*MR. F. W. VERNEY (Buckinghamshire, N.)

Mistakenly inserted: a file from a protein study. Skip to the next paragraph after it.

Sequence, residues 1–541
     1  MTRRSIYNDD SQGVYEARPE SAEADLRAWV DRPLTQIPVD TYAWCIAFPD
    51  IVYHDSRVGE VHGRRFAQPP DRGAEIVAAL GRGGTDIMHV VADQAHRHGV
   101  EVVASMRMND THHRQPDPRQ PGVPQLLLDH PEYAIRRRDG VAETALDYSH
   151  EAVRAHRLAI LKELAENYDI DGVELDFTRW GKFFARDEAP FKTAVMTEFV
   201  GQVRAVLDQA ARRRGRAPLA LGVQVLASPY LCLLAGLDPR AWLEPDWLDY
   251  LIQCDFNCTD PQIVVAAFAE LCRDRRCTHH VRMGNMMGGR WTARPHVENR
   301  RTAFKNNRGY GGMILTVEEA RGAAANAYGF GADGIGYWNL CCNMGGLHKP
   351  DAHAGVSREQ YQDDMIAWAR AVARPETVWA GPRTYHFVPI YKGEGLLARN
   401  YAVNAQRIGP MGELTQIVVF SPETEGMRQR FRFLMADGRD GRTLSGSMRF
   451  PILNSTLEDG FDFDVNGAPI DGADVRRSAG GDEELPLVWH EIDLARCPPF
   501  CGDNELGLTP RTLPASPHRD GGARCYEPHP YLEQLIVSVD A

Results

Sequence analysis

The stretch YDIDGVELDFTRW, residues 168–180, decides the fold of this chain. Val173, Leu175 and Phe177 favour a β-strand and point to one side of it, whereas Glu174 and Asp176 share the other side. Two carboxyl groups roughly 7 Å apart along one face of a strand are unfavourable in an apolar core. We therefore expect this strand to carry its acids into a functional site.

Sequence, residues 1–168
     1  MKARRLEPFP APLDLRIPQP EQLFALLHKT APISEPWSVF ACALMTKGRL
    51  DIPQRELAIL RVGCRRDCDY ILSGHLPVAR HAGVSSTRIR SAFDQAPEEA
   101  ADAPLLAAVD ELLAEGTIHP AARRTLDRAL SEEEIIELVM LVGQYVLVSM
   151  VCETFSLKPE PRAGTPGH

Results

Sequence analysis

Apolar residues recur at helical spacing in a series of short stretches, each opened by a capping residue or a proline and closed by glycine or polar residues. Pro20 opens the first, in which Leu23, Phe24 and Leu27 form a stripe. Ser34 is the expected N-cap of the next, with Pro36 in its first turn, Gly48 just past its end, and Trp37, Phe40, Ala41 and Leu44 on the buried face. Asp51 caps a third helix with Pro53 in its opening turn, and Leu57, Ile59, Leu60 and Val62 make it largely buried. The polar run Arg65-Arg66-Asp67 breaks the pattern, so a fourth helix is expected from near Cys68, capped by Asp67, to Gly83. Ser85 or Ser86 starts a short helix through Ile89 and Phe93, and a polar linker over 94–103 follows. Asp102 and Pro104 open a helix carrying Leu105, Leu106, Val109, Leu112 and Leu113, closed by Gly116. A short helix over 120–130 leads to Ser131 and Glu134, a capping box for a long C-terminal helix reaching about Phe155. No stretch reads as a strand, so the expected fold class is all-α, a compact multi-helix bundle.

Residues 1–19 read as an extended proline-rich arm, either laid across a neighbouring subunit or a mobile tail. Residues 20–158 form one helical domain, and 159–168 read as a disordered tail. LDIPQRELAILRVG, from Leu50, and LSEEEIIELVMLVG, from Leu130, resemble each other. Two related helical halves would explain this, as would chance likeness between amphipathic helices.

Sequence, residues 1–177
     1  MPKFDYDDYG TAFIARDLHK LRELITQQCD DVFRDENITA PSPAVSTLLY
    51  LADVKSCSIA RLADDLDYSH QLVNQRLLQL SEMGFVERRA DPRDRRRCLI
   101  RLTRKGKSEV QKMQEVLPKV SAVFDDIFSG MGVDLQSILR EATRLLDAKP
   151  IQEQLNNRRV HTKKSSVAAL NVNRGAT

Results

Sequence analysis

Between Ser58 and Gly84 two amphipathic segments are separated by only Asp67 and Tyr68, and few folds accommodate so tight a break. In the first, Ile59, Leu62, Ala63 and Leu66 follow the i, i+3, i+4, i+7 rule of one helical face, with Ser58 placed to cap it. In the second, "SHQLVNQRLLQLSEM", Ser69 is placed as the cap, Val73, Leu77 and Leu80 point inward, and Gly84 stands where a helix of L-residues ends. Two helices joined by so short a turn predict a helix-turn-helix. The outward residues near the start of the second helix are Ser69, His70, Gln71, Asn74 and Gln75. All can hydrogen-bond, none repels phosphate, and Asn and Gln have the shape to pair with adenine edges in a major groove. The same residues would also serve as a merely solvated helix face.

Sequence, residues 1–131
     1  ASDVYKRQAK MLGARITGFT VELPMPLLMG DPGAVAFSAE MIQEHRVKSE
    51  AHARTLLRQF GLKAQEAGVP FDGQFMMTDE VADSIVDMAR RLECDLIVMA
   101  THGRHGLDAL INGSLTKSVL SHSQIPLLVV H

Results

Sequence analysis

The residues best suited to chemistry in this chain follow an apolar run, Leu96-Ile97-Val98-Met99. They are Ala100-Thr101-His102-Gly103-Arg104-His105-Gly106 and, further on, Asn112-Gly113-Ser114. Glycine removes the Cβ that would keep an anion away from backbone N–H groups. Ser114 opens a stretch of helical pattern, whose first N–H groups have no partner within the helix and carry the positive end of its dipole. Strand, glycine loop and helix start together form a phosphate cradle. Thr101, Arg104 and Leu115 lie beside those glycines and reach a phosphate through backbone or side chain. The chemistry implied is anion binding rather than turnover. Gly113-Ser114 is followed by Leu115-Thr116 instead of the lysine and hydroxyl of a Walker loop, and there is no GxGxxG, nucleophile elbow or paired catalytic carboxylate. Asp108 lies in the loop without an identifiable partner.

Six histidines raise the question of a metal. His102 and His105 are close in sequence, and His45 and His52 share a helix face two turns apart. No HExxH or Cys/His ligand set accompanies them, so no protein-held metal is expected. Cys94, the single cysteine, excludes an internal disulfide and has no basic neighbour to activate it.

said he had listened with admiration to the extremely interesting speech of the hon. Member for Preston. There was, however, one fallacy running through it. The hon. Gentleman said that the pension must depend on contribution. Certainly, but it seemed to him and to a good many others, he thought, that the hon. Member meant a money contribution which left entirely out of account the contribution of work or money's worth, which was of much greater value than a money contribution. If they took the money contribution in proportion to income, it was very much greater from the poor man than it was from the rich. If they took the contribution in money, as well as in work which had a money value a very strong case indeed was established for old age pensions for poor workers. He was one of those Members of the House who, at the general election, had carefully guarded himself from any definite promise beyond saying that it would be the clear duty of the House to discuss this question with an open mind, to see how far they could go in the direction of giving to those who had worked for the State and country some return in their old age, exactly on the same principle as that on which they gave pensions to our generals and admirals, diplomats, people in high station, and Cabinet Ministers, to whom pensions were given, not because they had paid rates and taxes, but because they had contributed in work to the welfare of their country. It would of course, be said that this did not meet the case of the unthrifty, and those who did not contribute to the good of the country at large. The case of the idle and the vicious could never be met, and ought never to be met by old age pensions, and in the Bill before them, although he did not pin himself to every clause of it, and conceded that, on subsequent stages, it might be improved upon, yet he thought that they had got an indication that the drunkard, the un- thrifty man, the worthless man, and the criminal were not to be set on a footing for old age pensions, and that was a distinction which it was quite right to preserve. The principle of old age pensions had been practically accepted by the Chancellor of the Exchequer, who had also accepted the principle of graduated taxation, from which many of them hoped to get a great deal of the money which would provide for old age pensions. The other sources of income would no doubt result from a far less expenditure on what the country did not want. Again, another source of income would be the reduction of the expenditure on the Poor Law, which many of them had to lament to-day. Reference had been made to the German system, in which he thought there was a great deal that was admirable; but it must not be forgotten that the system was based on contributions from three different sources. The employers, the workmen, and the State contributed, and this system of triple contribution worked extremely well in Germany. But behind that system there was State compulsion. He very much doubted whether this country was ready to accept the system of State compulsion to the same extent as it was worked in Germany. In England they disliked compulsion in any form. Care must be taken not to arouse in reference to a system of old age pensions the same opposition to the principle of compulsion which had shown itself in regard to military service. As to what was frequently said about thriftless and drunken people amongst the working classes, the number was often put down as much larger than actually existed. The enormous majority of the working classes did work, and they would work not less but more if they knew that at the end of the long life of toil there would be something better than that bastile, the workhouse. A system of old age pensions towards which every working member of the community contributed directly or indirectly would rouse public opinion in favour of the worker and against the loafer, and be an invaluable incentive reducing largely the numbers of those who now came upon the public funds as the direct result of idleness, improvidence and vice.